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BISHOP OF PTOLEMAÏS
(Born circ. A.D. 375, Died 430).
Synesius was a man of mark in his day, and would have been a man of mark in any day.
To begin with the advantages which belonged to him by birth, he could boast a pedigree such as, says Gibbon, "could not be equalled in the history of mankind," of seventeen centuries from earliest heroic times, down through the kings of Sparta, and the founders of Cyrene: "all the names recorded in the public registers of Cyrene;" and he was well worthy of his "pure and illustrious pedigree."33See The Decline and Fall of the Roman Empire. Oxford edition, 1827, vol. ii. p. 446, and the foot notes. Also vol. iv. pp. 38, 39.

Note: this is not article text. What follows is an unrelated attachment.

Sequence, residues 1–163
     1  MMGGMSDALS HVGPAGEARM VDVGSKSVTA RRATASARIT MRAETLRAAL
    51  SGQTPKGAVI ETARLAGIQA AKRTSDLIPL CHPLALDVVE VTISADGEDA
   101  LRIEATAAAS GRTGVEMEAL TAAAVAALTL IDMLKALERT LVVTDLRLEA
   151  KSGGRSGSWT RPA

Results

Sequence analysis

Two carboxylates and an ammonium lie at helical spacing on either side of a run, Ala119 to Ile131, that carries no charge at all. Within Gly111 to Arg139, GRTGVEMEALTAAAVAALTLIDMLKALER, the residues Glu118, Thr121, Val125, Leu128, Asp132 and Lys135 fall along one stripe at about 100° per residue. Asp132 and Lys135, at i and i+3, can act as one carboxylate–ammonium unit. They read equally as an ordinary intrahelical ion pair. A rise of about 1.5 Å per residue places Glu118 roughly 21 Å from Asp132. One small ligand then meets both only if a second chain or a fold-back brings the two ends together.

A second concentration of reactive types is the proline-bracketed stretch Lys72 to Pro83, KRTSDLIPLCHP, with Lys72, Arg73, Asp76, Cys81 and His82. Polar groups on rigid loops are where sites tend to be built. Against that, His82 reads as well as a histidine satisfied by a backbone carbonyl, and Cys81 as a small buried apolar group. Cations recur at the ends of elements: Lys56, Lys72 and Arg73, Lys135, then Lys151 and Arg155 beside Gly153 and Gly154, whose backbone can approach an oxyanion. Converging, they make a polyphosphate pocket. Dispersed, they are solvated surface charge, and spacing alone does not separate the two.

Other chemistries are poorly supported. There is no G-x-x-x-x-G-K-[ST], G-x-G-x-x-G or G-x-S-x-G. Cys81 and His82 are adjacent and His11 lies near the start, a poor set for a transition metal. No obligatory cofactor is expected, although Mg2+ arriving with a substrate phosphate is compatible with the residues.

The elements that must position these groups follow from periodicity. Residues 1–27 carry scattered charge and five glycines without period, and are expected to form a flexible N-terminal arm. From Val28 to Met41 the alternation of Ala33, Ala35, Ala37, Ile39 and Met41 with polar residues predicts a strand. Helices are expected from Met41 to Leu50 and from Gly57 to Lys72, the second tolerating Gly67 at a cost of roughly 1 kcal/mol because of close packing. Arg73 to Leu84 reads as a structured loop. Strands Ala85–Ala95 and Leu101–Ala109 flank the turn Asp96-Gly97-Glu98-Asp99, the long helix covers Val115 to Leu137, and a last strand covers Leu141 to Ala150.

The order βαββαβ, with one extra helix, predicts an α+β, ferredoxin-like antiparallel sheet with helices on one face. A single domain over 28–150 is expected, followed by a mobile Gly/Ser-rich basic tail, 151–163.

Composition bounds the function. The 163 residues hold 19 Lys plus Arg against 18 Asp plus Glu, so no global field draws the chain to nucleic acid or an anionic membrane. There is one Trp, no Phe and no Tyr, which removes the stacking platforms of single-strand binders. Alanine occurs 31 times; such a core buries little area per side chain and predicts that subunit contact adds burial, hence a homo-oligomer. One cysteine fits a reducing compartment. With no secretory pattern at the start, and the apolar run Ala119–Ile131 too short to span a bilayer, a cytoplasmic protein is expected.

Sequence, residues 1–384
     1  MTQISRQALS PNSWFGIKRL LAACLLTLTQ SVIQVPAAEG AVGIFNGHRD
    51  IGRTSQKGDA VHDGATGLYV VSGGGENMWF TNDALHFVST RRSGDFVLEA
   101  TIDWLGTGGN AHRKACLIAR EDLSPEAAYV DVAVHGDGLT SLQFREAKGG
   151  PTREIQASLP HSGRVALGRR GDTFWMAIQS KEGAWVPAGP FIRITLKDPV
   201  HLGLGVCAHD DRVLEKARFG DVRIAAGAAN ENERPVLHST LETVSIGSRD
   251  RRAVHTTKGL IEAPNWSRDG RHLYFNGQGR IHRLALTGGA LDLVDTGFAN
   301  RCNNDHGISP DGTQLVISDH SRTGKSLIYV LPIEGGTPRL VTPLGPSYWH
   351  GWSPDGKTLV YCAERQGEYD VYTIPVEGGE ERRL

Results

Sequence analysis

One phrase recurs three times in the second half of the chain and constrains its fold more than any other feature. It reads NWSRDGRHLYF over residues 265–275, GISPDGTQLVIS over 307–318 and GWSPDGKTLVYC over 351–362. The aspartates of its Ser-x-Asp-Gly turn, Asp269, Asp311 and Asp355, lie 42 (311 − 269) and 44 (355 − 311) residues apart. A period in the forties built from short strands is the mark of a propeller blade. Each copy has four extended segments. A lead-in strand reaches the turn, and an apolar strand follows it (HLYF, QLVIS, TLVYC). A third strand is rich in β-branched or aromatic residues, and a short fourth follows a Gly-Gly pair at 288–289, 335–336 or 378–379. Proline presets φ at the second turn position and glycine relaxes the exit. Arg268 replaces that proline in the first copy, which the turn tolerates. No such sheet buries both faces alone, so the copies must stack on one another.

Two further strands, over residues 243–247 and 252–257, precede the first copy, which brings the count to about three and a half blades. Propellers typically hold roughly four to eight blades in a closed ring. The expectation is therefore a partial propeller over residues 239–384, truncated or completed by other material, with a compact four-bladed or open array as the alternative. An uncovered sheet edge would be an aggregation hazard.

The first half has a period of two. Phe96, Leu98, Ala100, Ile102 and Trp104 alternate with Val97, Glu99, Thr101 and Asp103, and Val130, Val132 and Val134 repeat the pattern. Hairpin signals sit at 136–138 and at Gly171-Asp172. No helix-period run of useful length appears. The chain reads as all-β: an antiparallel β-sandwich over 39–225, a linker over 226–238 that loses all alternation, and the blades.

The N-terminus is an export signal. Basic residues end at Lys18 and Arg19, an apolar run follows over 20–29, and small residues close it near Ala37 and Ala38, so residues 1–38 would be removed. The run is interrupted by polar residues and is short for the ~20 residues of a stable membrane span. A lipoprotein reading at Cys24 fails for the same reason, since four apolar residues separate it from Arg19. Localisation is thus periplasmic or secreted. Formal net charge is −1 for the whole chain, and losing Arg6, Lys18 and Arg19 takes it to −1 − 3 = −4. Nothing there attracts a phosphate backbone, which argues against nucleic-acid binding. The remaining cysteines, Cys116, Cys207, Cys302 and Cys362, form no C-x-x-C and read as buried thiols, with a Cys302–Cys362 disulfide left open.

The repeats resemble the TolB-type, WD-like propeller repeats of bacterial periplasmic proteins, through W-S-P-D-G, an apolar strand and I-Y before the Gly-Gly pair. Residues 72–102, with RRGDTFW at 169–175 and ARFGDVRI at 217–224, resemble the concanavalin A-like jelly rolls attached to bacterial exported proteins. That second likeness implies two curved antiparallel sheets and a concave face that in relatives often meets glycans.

As a philosopher, his merits, measured by the standard of the age in which he lived, are of high order. Otherwise, it is easy, in our age, to condemn the whole Neoplatonic philosophy as "tumid, inflated, and false."
As a statesman and patriot, he deserves the highest praise. For three years (A.D. 397-400) he toiled, as he himself tells us in his third Ode, and strove and wept at the court of Arcadius, endeavouring to stimulate his degraded and degenerate countrymen to worthy efforts against the Goths, who were threatening not only his own beloved Libya, but the whole empire. His noble appeal, and his continued exertions, called forth abundant commendation and praise, but no permanent results. "The court of Arcadius indulged the zeal, applauded the eloquence, and neglected the advice of Synesius."
But there must have been some lull in the rising storm, or some partial success; for Synesius expresses, in the ode referred to, his heartfelt thankfulness for the same. Certainly within the three following years considerable victories were gained by Stilicho in Italy. Hence may have arisen relief to Libya. And Synesius may have composed the Ode, or added the part referred to, after those events.